I am not my illness

My name is Alex and I am a college student. I am studying political science and history. I love college football and basketball. I love movies and going out with friends. I have Chronic Migraines and I am not my illness.

I got my frist migraine when I was 14. I remember it perfectly. It was at church the sunday after I finished 8th grade. I had just got my report card and was going to thank god for my straight a’s. Instead I got very dizzy and felt like I was going to collapse. The same thing happened the next day and the day after that. A week later I still had the spells and my mother took me to my doctor. She told me I was just growing too quickly. After a few months I was sent ot specialists. I saw every doctor I could possibly have seen. After two very long years of being undaignosed I finally was diagnosed with silent migraines, the rarests form of aura migraines. I was promptly put on a miracle drug, amitryptaline and sent back to school. After two and a half years of only migraines during what I call the perfect migraine storm (marching band, fondue parties, etc) the migraines returned with a vengence. I was now a freshman in college.

My mother had decided if I did not get better by my junior year of high school I was not going to college. Since the drug worked I was allowed to go to school which was importatnt to me since I loved learning. I wanted nothing more than to go to college, it was just what I had always planned on doing. I finally entered my school which I love dearly and was heartbroken when I relapsed.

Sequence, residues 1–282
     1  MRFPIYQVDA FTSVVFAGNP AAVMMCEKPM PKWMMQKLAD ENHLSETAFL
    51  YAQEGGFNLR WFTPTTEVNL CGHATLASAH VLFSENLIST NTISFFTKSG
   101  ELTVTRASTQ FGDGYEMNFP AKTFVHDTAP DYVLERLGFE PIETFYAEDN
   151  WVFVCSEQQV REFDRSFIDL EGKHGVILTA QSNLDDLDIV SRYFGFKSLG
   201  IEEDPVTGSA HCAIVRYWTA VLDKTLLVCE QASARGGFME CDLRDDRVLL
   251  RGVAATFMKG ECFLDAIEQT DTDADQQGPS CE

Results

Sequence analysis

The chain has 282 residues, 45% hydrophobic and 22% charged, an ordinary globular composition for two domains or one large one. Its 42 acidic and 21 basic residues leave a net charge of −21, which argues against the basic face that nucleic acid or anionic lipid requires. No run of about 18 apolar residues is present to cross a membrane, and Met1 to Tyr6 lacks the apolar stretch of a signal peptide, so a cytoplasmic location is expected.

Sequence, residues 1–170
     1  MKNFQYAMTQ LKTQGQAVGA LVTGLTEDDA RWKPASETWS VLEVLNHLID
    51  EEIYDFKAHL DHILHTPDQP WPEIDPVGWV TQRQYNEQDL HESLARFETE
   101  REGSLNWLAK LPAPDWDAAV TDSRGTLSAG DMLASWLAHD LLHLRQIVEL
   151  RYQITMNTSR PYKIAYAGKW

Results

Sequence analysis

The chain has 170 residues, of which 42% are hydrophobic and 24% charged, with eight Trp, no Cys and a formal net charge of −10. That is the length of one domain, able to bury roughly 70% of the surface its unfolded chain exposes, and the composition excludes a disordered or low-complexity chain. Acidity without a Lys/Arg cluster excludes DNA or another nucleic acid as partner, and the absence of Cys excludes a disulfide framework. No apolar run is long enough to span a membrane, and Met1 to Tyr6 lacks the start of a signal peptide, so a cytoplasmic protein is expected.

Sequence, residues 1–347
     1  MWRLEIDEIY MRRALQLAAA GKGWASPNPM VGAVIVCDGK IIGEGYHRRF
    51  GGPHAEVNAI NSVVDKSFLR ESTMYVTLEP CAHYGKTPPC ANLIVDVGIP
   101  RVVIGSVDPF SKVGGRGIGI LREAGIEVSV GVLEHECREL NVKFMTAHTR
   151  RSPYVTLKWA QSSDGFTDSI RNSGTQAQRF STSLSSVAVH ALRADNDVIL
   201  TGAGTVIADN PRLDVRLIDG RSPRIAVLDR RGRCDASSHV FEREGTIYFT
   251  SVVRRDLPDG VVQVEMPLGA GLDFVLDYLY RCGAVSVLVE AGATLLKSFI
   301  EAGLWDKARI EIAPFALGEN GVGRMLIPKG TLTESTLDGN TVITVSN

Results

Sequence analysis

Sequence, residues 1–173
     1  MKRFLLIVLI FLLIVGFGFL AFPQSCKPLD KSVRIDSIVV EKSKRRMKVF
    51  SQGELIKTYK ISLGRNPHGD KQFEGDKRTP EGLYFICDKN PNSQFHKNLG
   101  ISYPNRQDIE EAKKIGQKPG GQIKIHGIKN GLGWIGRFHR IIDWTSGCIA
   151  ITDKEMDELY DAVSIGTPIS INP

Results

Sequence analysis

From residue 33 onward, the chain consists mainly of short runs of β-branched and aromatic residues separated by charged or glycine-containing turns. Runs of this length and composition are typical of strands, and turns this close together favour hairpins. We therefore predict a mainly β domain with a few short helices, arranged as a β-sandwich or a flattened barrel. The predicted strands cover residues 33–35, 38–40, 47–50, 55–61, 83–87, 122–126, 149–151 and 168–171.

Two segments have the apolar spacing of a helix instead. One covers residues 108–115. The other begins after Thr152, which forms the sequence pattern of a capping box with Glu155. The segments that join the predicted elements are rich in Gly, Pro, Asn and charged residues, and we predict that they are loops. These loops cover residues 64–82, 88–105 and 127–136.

I spent a year and half dealing with slightly more severe migraines. Enough for me to have to actually explain to my teachers what was going on and why I might miss class. By the fall of my junior year I was gettng much worse. I had a migraine every day for a month nad not little ones. I was finally given botox injections which were a miracle. I was finally able to be myself. Too bad my insurance company decided that the drug was not medically necessary and I am migraine ridden again.

After seven years with migraines I have finally come to the conclusion that I am not my migraine. I can talk about the disorder. I no longer feel guilty for missing class. I no longer apologize to teachers for my illness. I recognize that it is an illness and it is to be dealt with, but it doesn’t get me down anymore. I don’t let it hold me back. I am going to go to grad school and then go get a job and enjoy the real world. I am not going to let my disability ruin my life or tell me what I can and cannot do. I will do my best to avoid triggers like cheese and nuts but I am going to eat what I want and that includes the delicious cupcakes down the street.

One day I have hope the energy i once had will return. I’ll be able to go to everyone one of my classes in a month. I’ll be able to go running or go to a party or even to the movies. I’ll manage to make it through an orchesta concert or mass. I’ll live my life without a day of pain. I’ll be able to live a life where no one knows of my illness not because I don’t talk about it but because it doesn’t impact anything. That’s my dream and I know it is the dream of every chronic migraine patient out there.

I do not wish anyone to have this disease but I will wait for the day when people finally understand it is not a simple headache it is more like a seizure or epilepsy. It’s a neuological disorder that can be cured. The amount of funding that the NIH spent on migraine research in 2007 is equal to only $0.36 per person with migraine. Diabetes received $49.38 per person with diabetes. Asthma received $12.25 per person with asthma. So let’s fix that and help all migraine sufferes.

This article represents the opinions, thoughts, and experiences of the author; none of this content has been paid for by any advertiser. The Migraine.com team does not recommend or endorse any products or treatments discussed herein. Learn more about how we maintain editorial integrity here.

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